When Joy Leggo took the helm at Multicultural Aged Services (MACS) in January 1994 she hoped to make a difference for the elderly.
And 25 years in her “dream job” as its inaugural chief executive officer has only stoked her passion.
“I see where we have made a difference to people’s lives,” she said.
“We’ve kept married couples together. We’ve taken people who have been in shocking situations – they may have experienced domestic violence or been a hoarder – and we’ve given them a safe place to live.”
Joy has helped transform the 40-bed hostel at North Geelong from employing 30 people in 1994 into a 160-bed facility with 200 staff and 60 volunteers.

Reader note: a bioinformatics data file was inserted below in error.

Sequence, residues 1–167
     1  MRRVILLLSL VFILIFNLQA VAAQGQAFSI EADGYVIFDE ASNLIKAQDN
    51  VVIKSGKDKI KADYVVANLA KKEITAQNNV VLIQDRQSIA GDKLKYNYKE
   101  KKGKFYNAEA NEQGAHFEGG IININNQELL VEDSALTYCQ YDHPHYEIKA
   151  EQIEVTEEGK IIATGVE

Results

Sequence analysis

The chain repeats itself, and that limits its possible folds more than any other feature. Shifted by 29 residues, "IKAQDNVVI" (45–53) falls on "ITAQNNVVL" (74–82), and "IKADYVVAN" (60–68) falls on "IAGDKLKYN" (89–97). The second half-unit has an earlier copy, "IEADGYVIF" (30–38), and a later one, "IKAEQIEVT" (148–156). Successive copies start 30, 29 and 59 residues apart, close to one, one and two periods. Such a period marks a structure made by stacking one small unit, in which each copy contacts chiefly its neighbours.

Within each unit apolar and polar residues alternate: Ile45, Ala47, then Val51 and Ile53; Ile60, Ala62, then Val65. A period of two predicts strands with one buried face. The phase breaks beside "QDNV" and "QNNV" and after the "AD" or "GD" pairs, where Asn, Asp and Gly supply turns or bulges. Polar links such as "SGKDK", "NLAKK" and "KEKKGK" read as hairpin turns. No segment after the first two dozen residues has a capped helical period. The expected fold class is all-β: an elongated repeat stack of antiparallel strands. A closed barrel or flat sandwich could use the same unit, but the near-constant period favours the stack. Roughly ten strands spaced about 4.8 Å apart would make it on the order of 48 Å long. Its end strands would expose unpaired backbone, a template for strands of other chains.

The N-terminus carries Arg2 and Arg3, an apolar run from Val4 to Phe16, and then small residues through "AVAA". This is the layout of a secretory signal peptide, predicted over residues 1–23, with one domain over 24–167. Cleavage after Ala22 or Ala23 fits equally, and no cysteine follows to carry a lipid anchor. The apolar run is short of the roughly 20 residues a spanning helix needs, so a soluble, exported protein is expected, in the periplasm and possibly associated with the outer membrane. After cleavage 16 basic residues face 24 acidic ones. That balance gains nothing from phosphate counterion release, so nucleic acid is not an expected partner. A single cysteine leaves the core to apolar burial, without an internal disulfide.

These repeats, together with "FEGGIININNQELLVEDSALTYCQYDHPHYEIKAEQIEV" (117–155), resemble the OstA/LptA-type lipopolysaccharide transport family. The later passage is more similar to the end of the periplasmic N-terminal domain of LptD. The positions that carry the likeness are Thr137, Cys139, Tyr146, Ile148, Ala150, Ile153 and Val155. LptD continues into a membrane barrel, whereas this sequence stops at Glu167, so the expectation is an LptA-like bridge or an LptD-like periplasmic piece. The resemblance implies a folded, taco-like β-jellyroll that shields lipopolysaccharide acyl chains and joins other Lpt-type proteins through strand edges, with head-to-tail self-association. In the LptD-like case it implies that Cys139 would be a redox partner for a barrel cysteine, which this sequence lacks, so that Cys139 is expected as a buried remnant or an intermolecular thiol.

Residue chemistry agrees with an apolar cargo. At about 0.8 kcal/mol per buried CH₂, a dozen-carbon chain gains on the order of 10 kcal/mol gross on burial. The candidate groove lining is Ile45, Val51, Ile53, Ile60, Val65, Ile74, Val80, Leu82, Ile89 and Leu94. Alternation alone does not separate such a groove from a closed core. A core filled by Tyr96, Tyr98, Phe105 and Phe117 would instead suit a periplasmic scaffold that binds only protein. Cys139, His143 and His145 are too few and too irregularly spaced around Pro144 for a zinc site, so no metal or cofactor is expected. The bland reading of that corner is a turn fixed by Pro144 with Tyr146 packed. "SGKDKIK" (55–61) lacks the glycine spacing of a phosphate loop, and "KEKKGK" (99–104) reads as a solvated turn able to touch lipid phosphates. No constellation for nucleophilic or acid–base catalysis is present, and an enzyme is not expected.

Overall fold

“I’ve been really fortunate to have been with the organisation from the beginning so I could set the culture,” she said.
Joy was particularly proud of a dementia-specific facility that opened at the centre in 2016.
“We fought so long to get that facility and we knew that was a need.”
MACS will celebrate Joy’s silver anniversary with a barbeque lunch and the opening of Stan’s Shed and a walking track.
The shed commemorates Slobovan ‘Stan’ Mirkovic, a founding member and long-serving director of MACS, who died in November 2015.
Stan’s wife, Elaine, donated the funds for the woodworking shed in his memory.
A not-for-profit organisation, MACS provides residential aged care, independent living units, home services and dementia-specific, palliative and respite care for elderly people of more than 60 ethnicities.